Sunday, 4 June 2017

Hacking: MZ Simson 50


I was in need of cheap transport, a sorry situation which led to the purchase of an MZ Simson 50. It was cheap, running, taxed, tested and only a mentally deficient thief would steal it. The only dark cloud on the horizon was the amount of bodging required to get the bike through the next MOT.

I began to understand why people describe Commie bikes as agricultural — they are probably built as a sideline in a tractor factory. The MZ handled with all the precision of a pram and the braking varied between awful and terrifying. A mate rode it around the block and came back shaking like he had Parkinson's disease. I came close to having Transit inscribed across the front of my helmet.

I began to wonder exactly what the previous owner had meant when he said he'd rebuilt the bike as it began to misbehave in a spectacular manner. It refused to start. I kicked and kicked until eventually there was an earth shattering bang and the end of the exhaust, containing the baffles, flew off down the road, coming to rest 30 yards away.
 

The cause of this. an incorrectly gapped spark plug, head not torqued down, exhaust clamp not tightened, carb leaking fuel... fuel went into the engine every kick, once in a while partial detonation caused an army field gun impersonation with the baffles flying off like a shell. After dealing with these bodges it began to run quite well.

MOT time loomed. l fitted a new horn and rear light. I removed the forks, tipped out the water and fitted gaiters to hide the pitted stanchions. l bodged on a new battery and brackets were made to firmly fix the seat and exhaust. An MZ 50 is a strange machine, it has no head gasket and no oil in the forks — they are packed with grease. It failed the MOT on one loose spoke and excess travel in the rear brake pedal but he missed the knackered steering head bearings, play in the rear wheel bearings and burnt out rear light bulb. l tightened the spoke and adjusted the brake and had my certificate.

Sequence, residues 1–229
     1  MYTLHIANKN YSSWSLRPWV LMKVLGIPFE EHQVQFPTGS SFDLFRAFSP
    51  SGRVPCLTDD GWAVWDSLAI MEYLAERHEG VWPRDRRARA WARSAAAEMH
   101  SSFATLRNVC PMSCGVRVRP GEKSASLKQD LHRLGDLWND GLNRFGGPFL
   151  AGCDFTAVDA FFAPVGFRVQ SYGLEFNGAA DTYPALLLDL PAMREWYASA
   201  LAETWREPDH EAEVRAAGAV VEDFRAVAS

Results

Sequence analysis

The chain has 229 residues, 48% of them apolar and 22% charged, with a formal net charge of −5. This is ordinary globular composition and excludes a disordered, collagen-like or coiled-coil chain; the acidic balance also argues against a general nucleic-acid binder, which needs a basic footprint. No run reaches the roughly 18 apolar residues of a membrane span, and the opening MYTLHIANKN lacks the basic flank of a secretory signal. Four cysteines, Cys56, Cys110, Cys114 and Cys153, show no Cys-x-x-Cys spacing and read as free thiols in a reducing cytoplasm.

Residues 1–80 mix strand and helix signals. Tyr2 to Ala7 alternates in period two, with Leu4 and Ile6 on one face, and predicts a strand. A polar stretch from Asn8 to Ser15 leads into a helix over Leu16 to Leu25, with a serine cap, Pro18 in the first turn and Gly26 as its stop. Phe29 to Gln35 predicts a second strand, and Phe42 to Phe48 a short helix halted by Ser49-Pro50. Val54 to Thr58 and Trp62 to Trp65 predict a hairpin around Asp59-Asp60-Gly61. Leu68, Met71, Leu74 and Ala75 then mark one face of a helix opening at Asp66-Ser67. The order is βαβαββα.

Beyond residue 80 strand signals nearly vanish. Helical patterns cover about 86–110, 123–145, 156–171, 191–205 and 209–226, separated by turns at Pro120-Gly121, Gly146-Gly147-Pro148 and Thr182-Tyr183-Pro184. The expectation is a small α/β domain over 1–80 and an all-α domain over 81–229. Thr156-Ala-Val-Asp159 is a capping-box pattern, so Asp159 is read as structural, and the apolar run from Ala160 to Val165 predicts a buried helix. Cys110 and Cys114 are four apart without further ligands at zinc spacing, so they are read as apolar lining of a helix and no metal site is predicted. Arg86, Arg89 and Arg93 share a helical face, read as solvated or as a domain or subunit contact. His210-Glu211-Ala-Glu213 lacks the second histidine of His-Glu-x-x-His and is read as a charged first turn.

There are advantages in owning an MZ 50, mainly cheapness. A fifty is cheap to insure and tax, you can travel many miles on a tankful of petrol (exact mpg I don't know as the speedo didn't work). The electrics even stayed dry and worked in the British monsoon season, even the tyres (Michelin rear and Cheng Shin front) were alright, wet or dry.

The 50 must be the worst in the MZ range It has the acceleration of an aged and arthritic sloth. not helped by having only three gears and the top speed of a powered wheelchair. It was so boring to ride on a straight road that I started to count sheep and Volvos, whilst people drove past screaming, "Get that bloody thing out of the way." My MZ did once manage a steep hill, two up, although we were overtaken by an electric milk float and a funeral procession.

When two star petrol disappeared from the forecourts due to tax changes, I mixed half a gallon of unleaded and half a gallon of four star with two stroke oil. It ran just as well, if not better than on two star. The thing was quite reliable and usually started first kick. It let me down only twice, once outside a bike workshop and the second half a mile from home when the spark plug conked out.

As they say. all good things must come to an end. This included my MZ. Leaving my flat to visit my parents, there was a sharp crack. The engine was still running and nothing was obviously wrong, so I continued on my 25 mile round trip. Next day I investigated. I removed the rear wheel and pieces of shattered bearing fell on to the pavement. Also, one brake shoe had snapped — the noise I had heard.

This, however, was not the worst of it, the engine was smoking like crazy and an ominous rattle could clearly be heard above the exhaust noise. The top end was stripped down in minutes to reveal a knackered bore and rings. The piston could be dropped into the bore with the rings barely touching the sides. It was amazing that it had kept going for so long. The cost of repair was more than the bike was worth. I advertised it as being broken for spares, sold what I could and dumped the rest in a skip.

The MZ was the first two stroke l have owned and it will be the last. That awful exhaust note sounds like a cat farting in a tin can. Give me a four stroke any day. Rest in pieces MUT325W.

Simon Morris

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